There is a Dhyaneswar Vidyapeeth in Pune going about awarding degrees and what has UGC or AICTE done about it. Today many universities and colleges are offering MSc Computer Science for which AICTE has no say. Are standards to be maintained only if its BE or BTech Computer Science and no need for standards if the degree is named MSc? Society is obsessed with talking of standards only in Technical and Medical Education. Does not Science Arts curriculum require Standards to be maintained. After all let people realize that Society does not run only with Engineers, doctors and Pharmacists and requires all fields of knowledge. Let us talk of standards in education and not confine to only technical education.

  10. Anonymous said...

    IIMB will have a Singapore Shanty 4700 Sqft, 3 hour working day and just one faculty to conduct world class Management Education. I wonder if the above meets so called AICTE specifications. On the contrary ISB which has world class facilities at Hyderabad has been questioned by AICTE about maintaining standards. Its time the AICTE joke is called off. AICTE you stand exposed in your standards.

  11. Anonymous said...

    As per latest news: The Union Ministry for Human Resource Development proposes to hold a meeting of Vice-Chancellors of Deemed Universities (DUs) and representatives of University Grants Commission and All India Council of Technical Education in Delhi on May four.

    Let MHRD first decide if UGC is under AICTE or AICTE is under UGC or if UGC and AICTE are under MHRDor MHRD is under Conscience.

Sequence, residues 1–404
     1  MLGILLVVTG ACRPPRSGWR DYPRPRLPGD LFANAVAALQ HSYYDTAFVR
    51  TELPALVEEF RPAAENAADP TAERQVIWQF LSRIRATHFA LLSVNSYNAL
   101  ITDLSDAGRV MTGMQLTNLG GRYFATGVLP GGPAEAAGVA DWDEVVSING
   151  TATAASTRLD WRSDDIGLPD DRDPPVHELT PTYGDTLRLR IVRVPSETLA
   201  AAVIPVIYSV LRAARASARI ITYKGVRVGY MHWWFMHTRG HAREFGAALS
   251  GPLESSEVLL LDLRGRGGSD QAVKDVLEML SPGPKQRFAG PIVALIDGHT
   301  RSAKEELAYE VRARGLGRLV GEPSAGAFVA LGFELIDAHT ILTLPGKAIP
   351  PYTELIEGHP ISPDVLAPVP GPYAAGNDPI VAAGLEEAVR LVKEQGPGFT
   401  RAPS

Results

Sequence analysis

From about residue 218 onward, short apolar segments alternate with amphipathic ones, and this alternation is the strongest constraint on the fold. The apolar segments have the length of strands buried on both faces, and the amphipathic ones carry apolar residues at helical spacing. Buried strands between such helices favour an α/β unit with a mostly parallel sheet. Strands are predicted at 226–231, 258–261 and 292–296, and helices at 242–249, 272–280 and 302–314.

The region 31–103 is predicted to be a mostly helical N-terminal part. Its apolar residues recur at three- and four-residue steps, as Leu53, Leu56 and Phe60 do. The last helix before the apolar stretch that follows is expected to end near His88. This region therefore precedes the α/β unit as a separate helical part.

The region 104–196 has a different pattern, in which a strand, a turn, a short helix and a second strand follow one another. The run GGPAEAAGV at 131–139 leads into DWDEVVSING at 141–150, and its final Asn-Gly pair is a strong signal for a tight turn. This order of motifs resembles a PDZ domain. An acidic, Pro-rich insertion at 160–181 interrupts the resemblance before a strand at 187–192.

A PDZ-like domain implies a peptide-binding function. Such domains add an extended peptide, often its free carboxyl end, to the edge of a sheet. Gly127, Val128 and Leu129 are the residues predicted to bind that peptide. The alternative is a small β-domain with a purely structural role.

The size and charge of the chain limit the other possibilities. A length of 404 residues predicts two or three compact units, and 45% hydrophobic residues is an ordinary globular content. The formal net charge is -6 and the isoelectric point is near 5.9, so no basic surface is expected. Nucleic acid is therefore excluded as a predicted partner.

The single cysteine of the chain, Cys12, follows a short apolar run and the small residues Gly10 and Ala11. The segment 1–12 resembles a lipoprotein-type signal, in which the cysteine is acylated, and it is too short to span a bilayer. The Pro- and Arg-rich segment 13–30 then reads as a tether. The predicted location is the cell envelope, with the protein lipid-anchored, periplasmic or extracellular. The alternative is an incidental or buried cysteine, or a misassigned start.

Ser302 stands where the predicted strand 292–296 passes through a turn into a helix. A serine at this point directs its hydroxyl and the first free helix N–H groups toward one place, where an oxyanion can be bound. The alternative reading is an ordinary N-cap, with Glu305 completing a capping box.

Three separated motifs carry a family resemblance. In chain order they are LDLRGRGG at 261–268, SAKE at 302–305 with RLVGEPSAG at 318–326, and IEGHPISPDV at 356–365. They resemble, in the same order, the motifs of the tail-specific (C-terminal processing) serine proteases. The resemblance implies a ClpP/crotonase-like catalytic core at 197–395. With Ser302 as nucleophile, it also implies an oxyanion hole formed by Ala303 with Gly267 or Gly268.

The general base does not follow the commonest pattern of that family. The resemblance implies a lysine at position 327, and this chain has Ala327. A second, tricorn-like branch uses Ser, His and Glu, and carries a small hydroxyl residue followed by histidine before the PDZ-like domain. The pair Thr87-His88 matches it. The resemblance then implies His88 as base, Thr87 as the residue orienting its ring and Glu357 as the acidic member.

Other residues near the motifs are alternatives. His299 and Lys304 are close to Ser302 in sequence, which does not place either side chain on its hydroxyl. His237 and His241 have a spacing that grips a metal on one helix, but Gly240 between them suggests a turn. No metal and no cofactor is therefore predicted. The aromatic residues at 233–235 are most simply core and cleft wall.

A quick raid of those "CONCERNED" in UGC for granting deemed university status and those concerned in AICTE for granting so called "APPROVAL" will defintely result in handsome revenue for the finance ministry.

    Make Hay when the sun shines and its alraedy touching 40 degrees C.

  12. Anonymous said...

    The UGC and the AICTE “have no idea how to maintain standards”, says former IIT Madras director PV Indiresan. “Their culture is bureaucratic; they think that national accreditation will do. Even a simple observation of the number of responsible assessors needed to monitor 17,000 odd colleges will show that centralised accreditation is not the answer.”

    In a recent survey in Businessworld, 64 per cent of the recruiters surveyed said AICTE accreditation is not important. One of the top business schools in India — the Indian School of Business (ISB) — does not have AICTE accreditation.

  13. Anonymous said...

    The Madras High Court, in an interim direction relating to the regulatory jurisdiction of the AICTE and the UGC over deemed universities, has instructed the former to issue a public notice advising students to attend classes.